There is so, so much more, including audio clips. The clips show Engle’s vision for a theocratic America and his paranoia that demonic powers are currently roaming the halls of government. Particularly interesting is Evan Hurst’s observation that Engle occasionally teeters on the edge of “Things He’s Not Supposed To Say,” as Evan puts it. And at one point, Engle falls beyond that edge:

Our president two days ago came out and said ‘We bless the fathers of families that have two fathers’! This is a decree, a blessing, called this month, LGBT pride month. When decrees come from high places, it actually opens doors! It is a key! It unlocks the spiritual realm for the fueling of the demonization of culture! Is this being taped?” [voice from bouncer/heavy off to the side interjects “We can erase it.”]

Again, Evan has audio of all of this — including Engle’s “prophetic dreams,” which you just have to read for yourself.

Engle isn’t the only person who thinks God talks to him in his dreams. He comes from a movement that was started by the controversial Kansas City Prophets. When I wrote that piece, I was accused of being paranoid and delusional, and that the piece itself was pure fantasy. But with Evan’s eyewitness account and audio recordings, I have to ask: Who’s delusional now?

Lou Engle’s Uganda Sermon Endorses Country’s “Stand for Righteousness”

Jim Burroway

June 23rd, 2010

TheCall’s Lou Engle has been trying to have it both ways in addressing questions of whether he supports Uganda’s draconian Anti-Homosexuality Bill. These questions were especially pertinent when it was announced that Engle would be putting on one of his TheCall rallies in Kampala last May. Engle issued a statement denying that he was going there to promote the bill.

We then learned through multiple sources that he had, in fact, promoted the bill at the rally. He was surrounded on stage with key supporters of the bill: Pastor Julius Oyet; the bill’s sponsor, MB David Bahati; and Ethics and Integrity Minister James Nsaba Buturo. Engle later issued another statement saying he regretted promoting the bill at the rally, but in contradiction to eyewitness accounts, Engle protested that the bill’s promotion took place after he left.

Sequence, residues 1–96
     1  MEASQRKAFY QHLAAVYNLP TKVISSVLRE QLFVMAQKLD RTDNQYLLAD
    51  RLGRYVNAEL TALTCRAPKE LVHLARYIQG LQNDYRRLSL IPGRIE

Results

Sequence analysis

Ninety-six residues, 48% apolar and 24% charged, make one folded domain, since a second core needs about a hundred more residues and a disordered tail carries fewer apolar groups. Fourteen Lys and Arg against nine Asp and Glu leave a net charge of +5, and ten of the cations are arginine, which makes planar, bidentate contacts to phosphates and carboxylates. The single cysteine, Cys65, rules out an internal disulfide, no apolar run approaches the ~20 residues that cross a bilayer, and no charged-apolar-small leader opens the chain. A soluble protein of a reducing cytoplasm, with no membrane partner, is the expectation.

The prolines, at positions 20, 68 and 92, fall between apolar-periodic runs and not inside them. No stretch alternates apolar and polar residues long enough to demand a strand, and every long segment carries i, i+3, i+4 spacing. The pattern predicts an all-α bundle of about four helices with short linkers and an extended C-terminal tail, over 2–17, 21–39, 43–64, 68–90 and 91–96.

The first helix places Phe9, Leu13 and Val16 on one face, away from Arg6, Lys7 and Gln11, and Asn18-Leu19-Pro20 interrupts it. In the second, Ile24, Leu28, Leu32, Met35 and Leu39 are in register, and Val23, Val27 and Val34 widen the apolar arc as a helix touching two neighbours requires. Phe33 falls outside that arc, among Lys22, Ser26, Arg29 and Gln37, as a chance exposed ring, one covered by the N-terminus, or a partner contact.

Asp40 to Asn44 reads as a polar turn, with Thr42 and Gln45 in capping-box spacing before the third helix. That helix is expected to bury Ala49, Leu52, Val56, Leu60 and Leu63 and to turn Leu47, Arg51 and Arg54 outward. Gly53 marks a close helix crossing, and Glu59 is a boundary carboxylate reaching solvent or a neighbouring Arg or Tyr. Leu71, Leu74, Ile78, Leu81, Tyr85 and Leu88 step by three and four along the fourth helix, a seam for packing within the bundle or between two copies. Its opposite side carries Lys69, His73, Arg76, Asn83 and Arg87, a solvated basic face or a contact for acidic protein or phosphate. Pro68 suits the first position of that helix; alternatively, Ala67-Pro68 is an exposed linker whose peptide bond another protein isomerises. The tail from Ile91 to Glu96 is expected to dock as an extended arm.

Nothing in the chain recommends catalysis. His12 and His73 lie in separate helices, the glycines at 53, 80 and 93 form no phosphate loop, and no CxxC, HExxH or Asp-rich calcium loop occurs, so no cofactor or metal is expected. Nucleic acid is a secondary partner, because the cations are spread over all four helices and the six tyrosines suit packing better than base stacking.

Current TV’s Vanguard reporter Mariana van Zeller’s outstanding documentary, “Missionaries of Hate,” explored the relationship between American Evangelicals and the rising anti-gay campaigns that have been taking place in Uganda over the past year. Engle’s TheCall Uganda appeared briefly in that documentary. Today, Mariana posted an extended clip of what Engle said at that rally.

And I went through a personal wrestling in my own heart whether we should come here and join you. We know that Uganda has been under tremendous pressure in the church. We felt that same pressure. But I felt like the call was to come and join with the church in Uganda to encourage you, that in the nation you are showing courage to take a stand for righteousness in the earth. [Applause]

Jesus is a merciful savior today for everyone trapped in sin. But he is also the architect of society and the great governor of the universe. Establish marriage between a man and a woman from the beginning so that society would be preserved and read right and it would be for the well-being of the children.